Posts for: December, 2017

ProtectYourChildsLong-TermDentalHealthwithRegularOfficeVisits

When does dental care begin for a child? In the truest sense, before they're born. Although the first teeth won't erupt until months after birth, they're already forming in the baby's jaw while still in the womb.

During the prenatal period a baby's dental health depends on the mother's health and diet, especially consuming foods rich in calcium and other minerals and nutrients. Once the baby is born, the next dental milestone is the first appearance of primary teeth in the mouth. That's when you can begin brushing with just a smear of toothpaste on a toothbrush.

Perhaps, though, the most important step occurs around their first birthday. This is the recommended time for you to bring them to visit our office for the first time.

By then, many of their primary teeth have already come in. Even though they'll eventually lose these to make way for their permanent set, it's still important to take care of them. A primary tooth lost prematurely could cause the permanent tooth to come in improperly. Saving it by preventing and treating tooth decay with fluoride applications and sealants, fillings or even a modified root canal treatment could stop a bad bite and costly orthodontic treatment down the road.

Regular trips to the dentist benefit you as a caregiver as much as they do your child. We're your best source for information about dental health and development, including concerns like teething and thumb sucking. We'll also keep you informed on your child's growth process as their teeth, jaws and facial structure develop.

Beginning regular dental visits at age one will also help make your child comfortable with seeing the dentist, more readily than if you wait until they're older. It's an unfortunate fact that many people don't seek out the clinical dental care they need because of anxiety over visiting the dentist. Starting early, not only will your child be getting the best in dental care, they'll be developing a habit that can continue to benefit their oral health the rest of their lives.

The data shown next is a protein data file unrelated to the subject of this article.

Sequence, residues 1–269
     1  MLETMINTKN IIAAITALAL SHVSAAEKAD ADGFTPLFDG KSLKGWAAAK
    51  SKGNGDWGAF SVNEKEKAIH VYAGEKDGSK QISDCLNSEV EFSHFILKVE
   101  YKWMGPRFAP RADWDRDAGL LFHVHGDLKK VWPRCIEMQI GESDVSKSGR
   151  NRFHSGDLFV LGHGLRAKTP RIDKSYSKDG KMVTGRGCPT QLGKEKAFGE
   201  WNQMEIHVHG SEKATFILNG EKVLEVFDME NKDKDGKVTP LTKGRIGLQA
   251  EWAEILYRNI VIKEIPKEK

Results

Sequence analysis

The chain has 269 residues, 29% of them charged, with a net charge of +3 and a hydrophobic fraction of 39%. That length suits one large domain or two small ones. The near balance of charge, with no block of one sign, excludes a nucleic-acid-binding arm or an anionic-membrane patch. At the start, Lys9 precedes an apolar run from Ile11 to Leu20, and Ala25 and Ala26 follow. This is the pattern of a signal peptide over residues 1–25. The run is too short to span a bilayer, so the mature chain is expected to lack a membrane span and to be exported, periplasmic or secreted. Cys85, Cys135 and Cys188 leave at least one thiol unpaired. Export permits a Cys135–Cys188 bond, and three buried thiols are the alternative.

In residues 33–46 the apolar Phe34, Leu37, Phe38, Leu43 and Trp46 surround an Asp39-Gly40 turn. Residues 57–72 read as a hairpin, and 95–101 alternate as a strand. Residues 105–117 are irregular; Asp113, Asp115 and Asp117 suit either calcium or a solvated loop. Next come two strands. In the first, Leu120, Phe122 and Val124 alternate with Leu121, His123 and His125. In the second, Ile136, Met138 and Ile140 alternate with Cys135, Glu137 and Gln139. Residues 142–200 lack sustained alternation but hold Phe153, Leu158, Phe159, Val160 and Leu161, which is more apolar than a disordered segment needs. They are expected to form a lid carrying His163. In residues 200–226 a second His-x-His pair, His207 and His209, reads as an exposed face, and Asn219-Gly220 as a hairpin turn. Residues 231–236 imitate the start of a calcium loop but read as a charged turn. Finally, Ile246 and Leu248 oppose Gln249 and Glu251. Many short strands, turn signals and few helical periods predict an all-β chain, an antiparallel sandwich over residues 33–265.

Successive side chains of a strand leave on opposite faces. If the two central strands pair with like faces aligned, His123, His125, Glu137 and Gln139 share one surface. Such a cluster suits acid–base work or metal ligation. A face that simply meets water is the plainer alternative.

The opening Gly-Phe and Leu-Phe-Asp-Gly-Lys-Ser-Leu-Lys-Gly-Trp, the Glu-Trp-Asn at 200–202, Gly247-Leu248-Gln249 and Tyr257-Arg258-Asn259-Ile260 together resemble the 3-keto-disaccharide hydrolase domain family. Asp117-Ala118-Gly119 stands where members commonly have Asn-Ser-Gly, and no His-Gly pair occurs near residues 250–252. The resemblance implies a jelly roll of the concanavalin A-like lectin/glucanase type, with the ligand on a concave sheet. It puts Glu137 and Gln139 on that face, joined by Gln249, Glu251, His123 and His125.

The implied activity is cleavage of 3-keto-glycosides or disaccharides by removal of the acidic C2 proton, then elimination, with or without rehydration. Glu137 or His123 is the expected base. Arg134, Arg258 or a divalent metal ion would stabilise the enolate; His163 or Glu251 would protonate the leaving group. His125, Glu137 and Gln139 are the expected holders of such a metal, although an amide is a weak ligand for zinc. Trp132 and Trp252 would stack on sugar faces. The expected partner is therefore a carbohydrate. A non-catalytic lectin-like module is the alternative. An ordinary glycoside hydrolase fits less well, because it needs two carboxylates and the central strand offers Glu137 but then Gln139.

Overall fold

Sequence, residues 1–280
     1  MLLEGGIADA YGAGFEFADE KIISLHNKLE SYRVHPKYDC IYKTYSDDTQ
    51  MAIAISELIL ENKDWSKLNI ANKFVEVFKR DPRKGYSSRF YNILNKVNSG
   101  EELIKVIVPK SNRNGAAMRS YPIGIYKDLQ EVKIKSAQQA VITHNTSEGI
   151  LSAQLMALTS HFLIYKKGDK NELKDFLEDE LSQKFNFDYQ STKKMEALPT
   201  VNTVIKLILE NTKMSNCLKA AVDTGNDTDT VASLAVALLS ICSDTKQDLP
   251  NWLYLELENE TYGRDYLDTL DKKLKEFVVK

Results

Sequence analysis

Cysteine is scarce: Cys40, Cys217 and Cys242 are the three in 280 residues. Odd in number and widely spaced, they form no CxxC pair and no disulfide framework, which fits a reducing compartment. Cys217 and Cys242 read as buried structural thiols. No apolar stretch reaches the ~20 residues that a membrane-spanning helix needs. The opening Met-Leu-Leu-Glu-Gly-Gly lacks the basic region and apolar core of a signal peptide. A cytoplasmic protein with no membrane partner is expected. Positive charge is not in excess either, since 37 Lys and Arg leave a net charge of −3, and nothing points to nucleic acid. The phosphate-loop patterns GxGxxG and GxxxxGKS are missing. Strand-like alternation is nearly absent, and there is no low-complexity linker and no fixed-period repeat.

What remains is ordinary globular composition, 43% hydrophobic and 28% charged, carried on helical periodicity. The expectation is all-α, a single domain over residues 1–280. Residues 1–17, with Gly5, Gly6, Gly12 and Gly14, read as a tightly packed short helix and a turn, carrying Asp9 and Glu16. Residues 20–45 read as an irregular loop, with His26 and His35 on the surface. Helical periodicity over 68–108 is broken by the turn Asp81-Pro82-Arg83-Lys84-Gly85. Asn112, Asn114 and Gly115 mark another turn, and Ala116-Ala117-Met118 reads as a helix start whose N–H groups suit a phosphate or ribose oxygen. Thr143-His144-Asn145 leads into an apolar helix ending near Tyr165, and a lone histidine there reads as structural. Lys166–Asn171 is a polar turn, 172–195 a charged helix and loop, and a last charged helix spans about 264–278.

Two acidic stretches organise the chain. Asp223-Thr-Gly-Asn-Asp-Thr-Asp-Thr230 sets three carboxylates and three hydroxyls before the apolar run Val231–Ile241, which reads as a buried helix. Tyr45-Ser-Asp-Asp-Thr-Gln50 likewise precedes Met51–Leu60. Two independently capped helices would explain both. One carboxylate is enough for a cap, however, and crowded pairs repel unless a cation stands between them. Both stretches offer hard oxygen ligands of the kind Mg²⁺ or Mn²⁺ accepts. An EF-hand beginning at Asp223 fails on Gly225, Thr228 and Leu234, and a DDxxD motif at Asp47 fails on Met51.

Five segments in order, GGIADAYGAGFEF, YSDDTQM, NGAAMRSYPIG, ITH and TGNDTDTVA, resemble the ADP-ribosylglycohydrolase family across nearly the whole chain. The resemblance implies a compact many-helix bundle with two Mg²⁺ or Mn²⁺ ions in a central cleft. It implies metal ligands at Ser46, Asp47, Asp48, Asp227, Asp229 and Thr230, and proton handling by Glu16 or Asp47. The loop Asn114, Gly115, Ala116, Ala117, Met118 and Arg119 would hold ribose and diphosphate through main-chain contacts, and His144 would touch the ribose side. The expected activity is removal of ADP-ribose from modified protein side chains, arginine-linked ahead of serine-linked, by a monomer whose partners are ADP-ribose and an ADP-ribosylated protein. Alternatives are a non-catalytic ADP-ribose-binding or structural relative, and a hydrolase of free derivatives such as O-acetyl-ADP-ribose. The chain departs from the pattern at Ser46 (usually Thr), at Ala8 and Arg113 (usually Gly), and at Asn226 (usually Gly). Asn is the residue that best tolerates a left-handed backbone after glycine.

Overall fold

If you would like more information on your child's dental care, please contact us or schedule an appointment for a consultation. You can also learn more about this topic by reading the Dear Doctor magazine article “Age One Dental Visit.”


By Bill Johnson, DMD
December 08, 2017
Category: Oral Health
Tags: oral hygiene  
4TipsforInstillingGoodFamilyHygieneHabits

Long-term dental health is built on a foundation of good hygiene habits instilled at an early age. Consistent, daily hygiene not only makes for healthy teeth and gums but an attractive smile too.

Here are 4 tips for encouraging your child to develop effective oral hygiene habits.

Begin teaching them to brush and floss on their own around age 6. Brushing and flossing are the primary ways to remove bacterial plaque from teeth, the main cause for dental disease. You should begin brushing your child’s teeth when they first appear; around age 6 you can begin encouraging them to brush for themselves and learn to floss.

Promote healthy eating and snacking habits. A nutritious diet is also important for maintaining healthy teeth and gums. Make sure your child is eating a varied, balanced diet of whole foods in appropriate portions. You should limit sugar and other carbohydrates (which accelerate growth of decay-causing bacteria) to mealtimes; offer limited, non-sugary snacks between meals.

Warn older children and teens about practices that are unhealthy for the mouth. As children enter their teen years, they’re under increased pressure from peers to try unhealthy practices. Oral piercings like tongue and lip bolts can increase tooth damage — chipping and wear — and gum recession, infection and bone loss. Tobacco use, both smoke and smokeless, can also cause tooth staining, increase the risk of decay, gum disease and oral cancer. Begin stressing the dangers these practices pose to their general and oral health before they reach puberty.

Practice what you teach. ├é┬áModeling healthy behavior you want your child to learn is just as important as instructing them how to do it. When they’re very young, brushing teeth should be a family affair — allow them to see how you brush your teeth as you help them brush theirs. And, if you’re not sure if your hygiene techniques are worthy of emulation, we’ll be glad to help you improve your effectiveness to pass on to the next generation.

If you would like more information on developing life-long dental habits with your child, please contact us or schedule an appointment for a consultation. You can also learn more about this topic by reading the Dear Doctor magazine article “How to Help Your Child Develop the Best Habits for Oral Health.”